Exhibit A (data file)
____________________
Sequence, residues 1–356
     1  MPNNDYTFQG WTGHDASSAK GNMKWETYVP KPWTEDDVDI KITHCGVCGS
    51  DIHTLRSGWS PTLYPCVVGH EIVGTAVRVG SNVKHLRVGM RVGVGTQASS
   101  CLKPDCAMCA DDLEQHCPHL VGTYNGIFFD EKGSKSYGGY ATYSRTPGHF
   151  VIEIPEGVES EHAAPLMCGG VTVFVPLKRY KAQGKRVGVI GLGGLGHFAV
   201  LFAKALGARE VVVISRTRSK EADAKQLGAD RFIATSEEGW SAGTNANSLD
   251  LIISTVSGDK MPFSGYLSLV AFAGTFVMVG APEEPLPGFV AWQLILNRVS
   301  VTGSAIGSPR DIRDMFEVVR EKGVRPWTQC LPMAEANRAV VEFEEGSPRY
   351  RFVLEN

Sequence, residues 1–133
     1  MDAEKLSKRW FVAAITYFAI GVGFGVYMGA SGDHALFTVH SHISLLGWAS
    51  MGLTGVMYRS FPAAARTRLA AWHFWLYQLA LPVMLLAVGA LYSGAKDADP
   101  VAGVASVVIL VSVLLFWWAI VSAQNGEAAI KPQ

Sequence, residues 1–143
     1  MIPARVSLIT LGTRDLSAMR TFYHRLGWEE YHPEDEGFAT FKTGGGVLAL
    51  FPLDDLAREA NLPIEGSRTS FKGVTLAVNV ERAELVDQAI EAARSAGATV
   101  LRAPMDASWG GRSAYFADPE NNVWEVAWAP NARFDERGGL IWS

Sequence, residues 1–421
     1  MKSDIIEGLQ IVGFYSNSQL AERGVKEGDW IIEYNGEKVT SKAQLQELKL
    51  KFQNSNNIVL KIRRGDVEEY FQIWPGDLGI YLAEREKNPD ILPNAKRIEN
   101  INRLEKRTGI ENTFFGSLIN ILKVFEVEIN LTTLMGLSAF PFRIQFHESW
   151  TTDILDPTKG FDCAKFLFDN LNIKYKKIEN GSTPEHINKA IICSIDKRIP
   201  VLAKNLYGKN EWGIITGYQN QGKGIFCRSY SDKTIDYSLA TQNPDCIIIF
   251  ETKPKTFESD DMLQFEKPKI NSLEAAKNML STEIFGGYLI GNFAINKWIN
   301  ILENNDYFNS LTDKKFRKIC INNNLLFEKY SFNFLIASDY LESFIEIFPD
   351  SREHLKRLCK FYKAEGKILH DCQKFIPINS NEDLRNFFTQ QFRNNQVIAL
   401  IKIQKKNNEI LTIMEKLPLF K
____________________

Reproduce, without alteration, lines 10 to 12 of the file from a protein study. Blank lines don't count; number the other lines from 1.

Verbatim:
Sequence, residues 1–133
     1  MDAEKLSKRW FVAAITYFAI GVGFGVYMGA SGDHALFTVH SHISLLGWAS
    51  MGLTGVMYRS FPAAARTRLA AWHFWLYQLA LPVMLLAVGA LYSGAKDADP